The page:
Category Archives: NMU history

The Fantastics

As I pondered what I should write my blog post on, I thought of all the fun photos I have looked at and remembered seeing The Fantastics. The Fantastics were a band here at NMU from 1971 to 1976 composed of 14 students. They were called, “Northern’s Musical Ambassadors,” and were characterized by wearing matching outfits and go-go boots. The Fantastics were very successful on campus, performing at different events, and popular outside of campus as well, performing as USO shows within the states, and internationally. They made a couple albums from various music companies. In 1973 The Fantastics were recipients of the Department of Defense Certificate of Esteem.

The 1973 campus yearbook, the Peninsulan, said of the Fantastics

“Northern Michigan University’s Entertainment Ambassadors, the “Fantastics,” have performed over one hundred times since their first appearance in December of 1970. The multi-talented young men and women have received rave notices following their performance not only in Michigan, but over a four state span. The secret to their success lies in the fact that they do all types of music. Stylistically, they are the 50’s, 60’s, and the 70’s all rolled up in one enthusiastic explosion of the finest in the sounds from the past three decades.

“In January of 1973, the “Fantastics” will be entertaining our American Forces in the Caribbean, as USO representatives selected through the Department of Defense and the National Music Council. The tour will last five weeks and will include performance in Cuba, Central America, the Panama Canal Zone, South America, Trinidad, the Virgin Islands, Puerto Rico, Dominican Republic, and the Bahamas.”

Please enjoy some photos of NMU’s Fantastics!


If you are interested in hearing the Fantastics, I have included a link to one of their songs on YouTube: click here for The Fantastics!

This post was written by Eliza Compton.


Upcoming Event: Evening at the Archives!

Get excited for our new upcoming Evening at the Archives!

Evening at the Archives is a semi-annual event showcasing research that has been done here at the NMU Archives. These events are an opportunity to get students and the general public to come into the Archives and enjoy presentations and workshops on archival and historical topics.

On Thursday, this February the 15th, in the Front/Reading Room of the Archives, we will be dedicating ourselves to sharing about the past student protests of Northern Michigan University. These occurrences took place during the civil rights movement of the 60s and 70s. This is sure to be a very interesting and captivating Evening at the Archives! The researcher who has been putting the presentation together, Kyleigh Sapp, Digitization Specialist, is excited to share her findings with you! This is an important topic that applies to today, and is just as compelling as it was 50 years ago. Kyleigh can fill you in with more!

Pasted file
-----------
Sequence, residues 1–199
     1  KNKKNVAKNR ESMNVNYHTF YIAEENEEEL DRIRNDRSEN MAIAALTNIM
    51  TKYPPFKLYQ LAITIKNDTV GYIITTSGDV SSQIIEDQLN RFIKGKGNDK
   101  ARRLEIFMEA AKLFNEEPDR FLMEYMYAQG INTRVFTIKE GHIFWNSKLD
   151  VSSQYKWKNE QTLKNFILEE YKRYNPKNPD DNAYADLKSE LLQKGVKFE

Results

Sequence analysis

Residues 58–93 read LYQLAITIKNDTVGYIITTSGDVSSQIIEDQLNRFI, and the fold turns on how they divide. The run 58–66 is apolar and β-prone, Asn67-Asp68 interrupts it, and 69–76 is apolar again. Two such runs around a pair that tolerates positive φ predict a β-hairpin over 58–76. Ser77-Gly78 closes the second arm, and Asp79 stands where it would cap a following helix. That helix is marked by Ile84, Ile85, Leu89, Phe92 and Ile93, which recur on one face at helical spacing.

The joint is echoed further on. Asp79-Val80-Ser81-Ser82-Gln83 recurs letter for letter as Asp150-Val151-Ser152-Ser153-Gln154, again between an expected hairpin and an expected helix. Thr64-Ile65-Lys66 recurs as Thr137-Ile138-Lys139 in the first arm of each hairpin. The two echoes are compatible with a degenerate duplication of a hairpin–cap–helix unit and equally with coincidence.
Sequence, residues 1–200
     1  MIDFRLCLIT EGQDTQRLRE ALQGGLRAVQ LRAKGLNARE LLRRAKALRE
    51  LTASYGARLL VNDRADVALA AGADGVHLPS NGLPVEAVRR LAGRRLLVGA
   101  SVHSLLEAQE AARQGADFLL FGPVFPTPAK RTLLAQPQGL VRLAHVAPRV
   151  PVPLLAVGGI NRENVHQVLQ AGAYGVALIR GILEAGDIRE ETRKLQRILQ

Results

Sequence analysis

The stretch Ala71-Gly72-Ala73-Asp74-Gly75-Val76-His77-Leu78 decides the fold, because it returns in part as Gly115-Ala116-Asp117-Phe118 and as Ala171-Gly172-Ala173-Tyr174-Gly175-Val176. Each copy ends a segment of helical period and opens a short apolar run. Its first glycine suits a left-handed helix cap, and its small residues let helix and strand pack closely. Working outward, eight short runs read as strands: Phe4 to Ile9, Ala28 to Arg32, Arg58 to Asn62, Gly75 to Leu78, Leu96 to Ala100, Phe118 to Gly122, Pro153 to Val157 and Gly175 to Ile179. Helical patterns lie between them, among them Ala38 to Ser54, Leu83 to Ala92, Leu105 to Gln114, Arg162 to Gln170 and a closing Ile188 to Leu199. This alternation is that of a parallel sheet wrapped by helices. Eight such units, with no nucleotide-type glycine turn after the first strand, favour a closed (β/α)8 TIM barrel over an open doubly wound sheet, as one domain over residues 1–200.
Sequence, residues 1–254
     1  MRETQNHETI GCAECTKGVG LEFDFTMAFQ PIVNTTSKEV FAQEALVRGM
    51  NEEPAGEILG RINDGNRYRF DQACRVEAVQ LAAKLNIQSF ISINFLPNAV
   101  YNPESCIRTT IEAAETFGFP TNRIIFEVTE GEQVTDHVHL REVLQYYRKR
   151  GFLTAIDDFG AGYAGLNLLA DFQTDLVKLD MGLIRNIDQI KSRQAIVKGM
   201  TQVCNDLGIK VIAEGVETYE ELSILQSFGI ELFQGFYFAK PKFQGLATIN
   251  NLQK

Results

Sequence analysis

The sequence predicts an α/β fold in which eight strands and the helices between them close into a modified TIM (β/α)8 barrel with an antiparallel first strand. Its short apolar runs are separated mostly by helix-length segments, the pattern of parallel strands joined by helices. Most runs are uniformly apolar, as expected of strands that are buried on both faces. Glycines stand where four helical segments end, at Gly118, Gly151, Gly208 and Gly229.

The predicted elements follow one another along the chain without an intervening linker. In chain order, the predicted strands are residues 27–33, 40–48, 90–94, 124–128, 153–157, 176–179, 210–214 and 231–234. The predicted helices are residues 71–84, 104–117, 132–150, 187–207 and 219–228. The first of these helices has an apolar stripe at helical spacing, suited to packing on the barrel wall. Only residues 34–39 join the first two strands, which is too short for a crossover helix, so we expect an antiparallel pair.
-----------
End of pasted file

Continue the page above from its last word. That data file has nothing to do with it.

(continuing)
As we know, the attitudes and aspirations of the young protesters are incredibly inspirational, and their efforts helped create the Northern we know today.


Find this Event on Facebook:


When thinking about the late 60’s and early 70’s in America, one cannot help but to be reminded of a time of major change, extreme views, and controversy. Whether it was the Vietnam war, the Civil Rights Movement, the Nixon Administration, or simply the emergence of hippie culture, it seemed everyone had an opinion they wanted heard and Northern’s campus was no exception. Join the Archives on Feb. 15 2018 for a presentation over the student protests made over civil rights, what demands were made and whether or not the Northern Michigan University kept their promises.


(This post was written by digitization specialist Lydia Henning)


Person Spotlight: Flora E. Hill

Miss Flora E. Hill (A.) was among the first faculty members of Northern Normal School,
Northern Michigan University’s predecessor. She was the head of the English
department from 1899 until 1919, and the sole instructor until 1905. She received both
her bachelor’s and master’s degree from the University of Michigan, and in 1906 she
published her own textbook for her children’s literature course.



Miss Hill (B.) often traveled to Europe, especially England. Here in Marquette she
was involved in the Upper Peninsula Education Association and encouraged teachers to
start and expand their own libraries. She brought the Mary E. Moore fund to Northern
and was one of the original trustees. An active member of the parish of St. Paul’s
Episcopal Cathedral, in 1919 Miss Hill left Marquette to help found the religious Order
of the Incarnation in Grossmont, California, and changed her name to Sister Mary
Angela. In 1921 the order was invited to do parish work in Quincy, Illinois, and that’s
where the trail ends (C.).






This information and much more can be found in the Central UP and NMU Archives. Come check out our student and faculty reference index cards on top of the Archivist file cabinet in our conference room (D.), our collection of NMU bulletins starting in 1905! (E.) and our books on Northern and Upper Michigan history (F.).


D. Student and Faculty personnel reference cards.


E. NMU Bulletins and Yearbooks.


F.  Books related to UP history.

(This post was written by Emily Wros).